Brilliant criminal defense attorney reluctantly helps his law-school roommate, who just happens to be vice president of the US, through a murder trial about a decades-old crime.
In his sixth recorded case (Star Witness, 2003, etc.), renowned and righteous courtroom celebrity Joseph Antonelli gets summoned by Harvard Law pal Thomas Stern Browning, who’s stuck unrewardingly as veep to lackluster President Walker and bitter about it. Walker’s Republican administration seems to bear a strong resemblance to its current real-life counterpart (his candidacy, for instance, gained traction in the South Carolina primary via dirty tricks). A long-forgotten tragedy has faintly shadowed Browning in the 30-plus years since he and Antonelli were at Harvard: Beautiful Annie Malraux, at the center of a romantic triangle involving Browning and fellow student James Havilland, took a fatal plunge (or was pushed) from a high window. Both men were implicated, though the incident was ruled an accident and at the time not pursued by the police. In the intervening years, the broken Havilland, once the most likely to succeed, has had a mediocre life while Browning has steadily risen in the political sphere, his only misstep agreeing to work in bland Walker’s shadow. Browning and Havilland both tell Antonelli that they suspect the other in Annie’s death. Someone powerful and anonymous, either an enemy of the administration or one of the many Browning haters within the administration, presses for a prosecution of Annie’s “murder,” and Browning asks Antonelli to represent whomever is indicted. However the case shakes out, Browning knows that he will be damaged politically and wants it dealt with as efficiently as possible. For Antonelli, taking the case means a reunion with college love Joanna, unhappily married to Browning. Further complicating matters is Antonelli’s friendship with Havilland and the zeal of ambitious prosecutor Bartholomew Caminetti.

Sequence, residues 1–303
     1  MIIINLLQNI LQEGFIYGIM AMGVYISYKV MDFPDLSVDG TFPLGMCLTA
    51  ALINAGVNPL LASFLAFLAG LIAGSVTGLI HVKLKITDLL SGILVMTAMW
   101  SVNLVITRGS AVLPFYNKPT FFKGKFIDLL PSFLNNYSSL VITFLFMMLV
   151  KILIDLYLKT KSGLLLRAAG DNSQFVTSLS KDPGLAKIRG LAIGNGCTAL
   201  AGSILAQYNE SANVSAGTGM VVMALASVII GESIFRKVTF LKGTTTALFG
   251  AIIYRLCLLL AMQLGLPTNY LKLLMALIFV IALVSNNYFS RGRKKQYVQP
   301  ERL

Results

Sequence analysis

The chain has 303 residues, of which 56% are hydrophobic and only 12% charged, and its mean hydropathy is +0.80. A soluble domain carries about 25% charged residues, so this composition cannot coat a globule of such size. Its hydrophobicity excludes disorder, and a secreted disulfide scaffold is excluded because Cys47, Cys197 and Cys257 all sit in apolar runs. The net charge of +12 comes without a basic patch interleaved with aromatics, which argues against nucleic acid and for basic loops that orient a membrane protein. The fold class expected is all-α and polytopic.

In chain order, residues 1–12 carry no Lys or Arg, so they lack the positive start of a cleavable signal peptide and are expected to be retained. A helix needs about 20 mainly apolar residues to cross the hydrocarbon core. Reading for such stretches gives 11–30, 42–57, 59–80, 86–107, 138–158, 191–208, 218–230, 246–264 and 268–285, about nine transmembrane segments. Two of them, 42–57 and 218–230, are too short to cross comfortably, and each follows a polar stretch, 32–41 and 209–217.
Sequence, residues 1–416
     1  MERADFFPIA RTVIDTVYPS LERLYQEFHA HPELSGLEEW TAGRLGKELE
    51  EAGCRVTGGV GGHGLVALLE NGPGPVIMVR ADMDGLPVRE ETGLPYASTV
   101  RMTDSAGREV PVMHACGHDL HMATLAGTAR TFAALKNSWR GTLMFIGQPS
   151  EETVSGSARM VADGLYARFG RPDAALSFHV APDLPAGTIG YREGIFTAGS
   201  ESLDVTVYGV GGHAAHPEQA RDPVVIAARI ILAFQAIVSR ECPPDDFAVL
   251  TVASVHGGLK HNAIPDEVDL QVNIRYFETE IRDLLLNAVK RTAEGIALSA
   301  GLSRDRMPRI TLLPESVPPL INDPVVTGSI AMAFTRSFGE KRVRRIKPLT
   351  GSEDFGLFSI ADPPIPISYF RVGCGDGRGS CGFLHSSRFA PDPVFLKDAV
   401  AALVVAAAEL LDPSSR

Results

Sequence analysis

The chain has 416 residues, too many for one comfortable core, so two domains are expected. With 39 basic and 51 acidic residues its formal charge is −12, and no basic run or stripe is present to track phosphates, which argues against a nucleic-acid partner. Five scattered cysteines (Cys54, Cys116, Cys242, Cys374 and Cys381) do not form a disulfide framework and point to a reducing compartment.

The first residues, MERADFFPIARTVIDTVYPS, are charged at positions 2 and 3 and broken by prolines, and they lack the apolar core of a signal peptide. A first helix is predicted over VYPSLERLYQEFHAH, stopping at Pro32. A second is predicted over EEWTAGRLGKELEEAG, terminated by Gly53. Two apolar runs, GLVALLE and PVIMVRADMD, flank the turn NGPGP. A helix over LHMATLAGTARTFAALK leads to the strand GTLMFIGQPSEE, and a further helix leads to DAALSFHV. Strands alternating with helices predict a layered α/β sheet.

Buffa’s front-loaded plot relies on character nuance more than courtroom dramatics, while his elaborate prose will strike some readers as profound and others as pretentious.